Whether or not we like Björk‘s music (I personally do a lot !), we are obliged to recognize that she always knows who to work with in order to continuously push the limits of the musical field. The last example of this great sense of collaboration is the conception of new instruments for her album Biophilia, and more specifically the design and realization of what she called Gravity Harps.

In order to achieve those giant musical pendulums, she worked with Andy Cavatorta who designed a what we could call a robotic string bell mixing something as simple as gravity with high technology of sensors and mechanical operators. In an interview for The Creators Project, A.Cavatorta explains:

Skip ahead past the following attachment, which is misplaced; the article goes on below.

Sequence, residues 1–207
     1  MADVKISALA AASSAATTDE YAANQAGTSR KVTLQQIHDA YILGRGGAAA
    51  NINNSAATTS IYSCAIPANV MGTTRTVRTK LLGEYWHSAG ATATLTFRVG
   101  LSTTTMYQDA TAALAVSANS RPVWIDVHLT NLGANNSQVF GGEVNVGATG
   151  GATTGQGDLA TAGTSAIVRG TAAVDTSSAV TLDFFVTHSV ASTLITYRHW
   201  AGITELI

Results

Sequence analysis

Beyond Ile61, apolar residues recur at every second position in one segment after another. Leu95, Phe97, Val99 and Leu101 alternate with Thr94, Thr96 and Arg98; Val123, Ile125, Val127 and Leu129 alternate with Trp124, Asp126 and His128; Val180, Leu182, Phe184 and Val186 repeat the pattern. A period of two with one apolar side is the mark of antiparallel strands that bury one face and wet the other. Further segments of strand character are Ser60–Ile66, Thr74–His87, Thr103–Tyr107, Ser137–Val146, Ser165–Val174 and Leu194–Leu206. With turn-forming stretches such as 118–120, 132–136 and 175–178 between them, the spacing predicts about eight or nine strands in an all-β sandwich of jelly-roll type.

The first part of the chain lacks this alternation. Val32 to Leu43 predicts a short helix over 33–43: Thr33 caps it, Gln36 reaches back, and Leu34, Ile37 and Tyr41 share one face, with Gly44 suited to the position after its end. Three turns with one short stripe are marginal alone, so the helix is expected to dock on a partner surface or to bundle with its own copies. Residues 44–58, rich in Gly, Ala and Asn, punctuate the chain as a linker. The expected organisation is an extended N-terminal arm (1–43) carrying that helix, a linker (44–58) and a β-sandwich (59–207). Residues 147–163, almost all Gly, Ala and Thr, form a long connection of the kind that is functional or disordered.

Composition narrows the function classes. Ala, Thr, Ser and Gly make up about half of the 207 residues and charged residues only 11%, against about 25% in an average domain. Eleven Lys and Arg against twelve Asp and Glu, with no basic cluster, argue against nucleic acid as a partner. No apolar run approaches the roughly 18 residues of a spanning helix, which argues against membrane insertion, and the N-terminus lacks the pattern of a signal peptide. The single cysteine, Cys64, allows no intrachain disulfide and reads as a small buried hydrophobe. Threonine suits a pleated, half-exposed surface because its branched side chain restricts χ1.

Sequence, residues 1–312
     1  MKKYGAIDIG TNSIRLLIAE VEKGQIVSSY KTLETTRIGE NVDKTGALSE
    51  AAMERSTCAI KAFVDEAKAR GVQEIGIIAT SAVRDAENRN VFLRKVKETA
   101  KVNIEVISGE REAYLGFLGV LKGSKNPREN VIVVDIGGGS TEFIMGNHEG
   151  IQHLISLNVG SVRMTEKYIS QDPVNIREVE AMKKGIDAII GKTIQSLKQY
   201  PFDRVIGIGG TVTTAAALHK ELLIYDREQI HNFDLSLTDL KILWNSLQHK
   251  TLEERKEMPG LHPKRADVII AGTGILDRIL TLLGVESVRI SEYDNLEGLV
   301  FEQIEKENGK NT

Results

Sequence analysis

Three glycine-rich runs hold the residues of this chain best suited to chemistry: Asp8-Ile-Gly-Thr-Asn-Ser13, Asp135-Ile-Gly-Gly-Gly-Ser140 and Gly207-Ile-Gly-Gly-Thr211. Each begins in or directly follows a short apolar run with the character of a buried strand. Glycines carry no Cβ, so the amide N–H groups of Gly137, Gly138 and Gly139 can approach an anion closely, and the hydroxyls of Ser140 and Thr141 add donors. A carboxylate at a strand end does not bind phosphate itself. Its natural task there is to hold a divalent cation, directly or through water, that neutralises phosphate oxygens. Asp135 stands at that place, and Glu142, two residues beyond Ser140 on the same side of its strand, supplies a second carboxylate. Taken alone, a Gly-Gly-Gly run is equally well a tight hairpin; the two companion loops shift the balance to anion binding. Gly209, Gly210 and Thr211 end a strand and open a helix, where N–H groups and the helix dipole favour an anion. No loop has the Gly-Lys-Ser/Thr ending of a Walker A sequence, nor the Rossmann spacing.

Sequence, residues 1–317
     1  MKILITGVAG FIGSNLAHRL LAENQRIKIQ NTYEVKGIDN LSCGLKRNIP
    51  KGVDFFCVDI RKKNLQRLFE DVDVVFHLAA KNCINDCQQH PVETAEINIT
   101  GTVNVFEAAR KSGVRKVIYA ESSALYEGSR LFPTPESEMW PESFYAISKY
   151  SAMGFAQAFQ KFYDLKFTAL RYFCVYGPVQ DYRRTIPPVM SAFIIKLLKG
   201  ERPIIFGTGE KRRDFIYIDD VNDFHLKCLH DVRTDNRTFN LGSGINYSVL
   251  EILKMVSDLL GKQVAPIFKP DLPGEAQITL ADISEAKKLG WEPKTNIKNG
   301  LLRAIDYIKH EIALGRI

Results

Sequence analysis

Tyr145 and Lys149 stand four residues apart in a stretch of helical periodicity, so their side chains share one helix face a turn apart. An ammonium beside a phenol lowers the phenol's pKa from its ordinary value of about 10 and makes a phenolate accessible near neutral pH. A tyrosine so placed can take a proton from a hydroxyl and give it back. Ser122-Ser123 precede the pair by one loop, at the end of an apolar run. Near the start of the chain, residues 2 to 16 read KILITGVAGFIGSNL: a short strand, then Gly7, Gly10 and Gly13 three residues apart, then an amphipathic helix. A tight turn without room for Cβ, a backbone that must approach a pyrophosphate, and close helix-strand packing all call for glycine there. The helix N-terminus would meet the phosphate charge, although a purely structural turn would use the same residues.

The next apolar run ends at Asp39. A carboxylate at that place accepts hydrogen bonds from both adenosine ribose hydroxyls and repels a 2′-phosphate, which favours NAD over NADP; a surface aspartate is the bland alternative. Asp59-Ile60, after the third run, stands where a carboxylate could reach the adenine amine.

There are four pendulums, each with a cylindrical harp on the end. As each pendulum swings through its lowest point, a single string on its harp gets plucked. The harp is cylindrical and can rotate, so any one of its eleven strings can be played by facing it to the plucker. There is also an ‘empty’ string position for playing rests.

In order to associate his design to an aesthetics that can participate to the poetic world Björk has been composing since her first album, A.Cavatorta colaborated with sculptor Marina Porter who designed several extraordinary prototypes (see images below) before reaching the current instrument.

The whole process of creation can be followed on Andy Cavatorta’s website; I include here the first and last videos of a fascinating story (Thanks Biayna!):

[wpvideo Gtd9ZH67]

[wpvideo rxI6EbKG]


Prototype by Marina Porter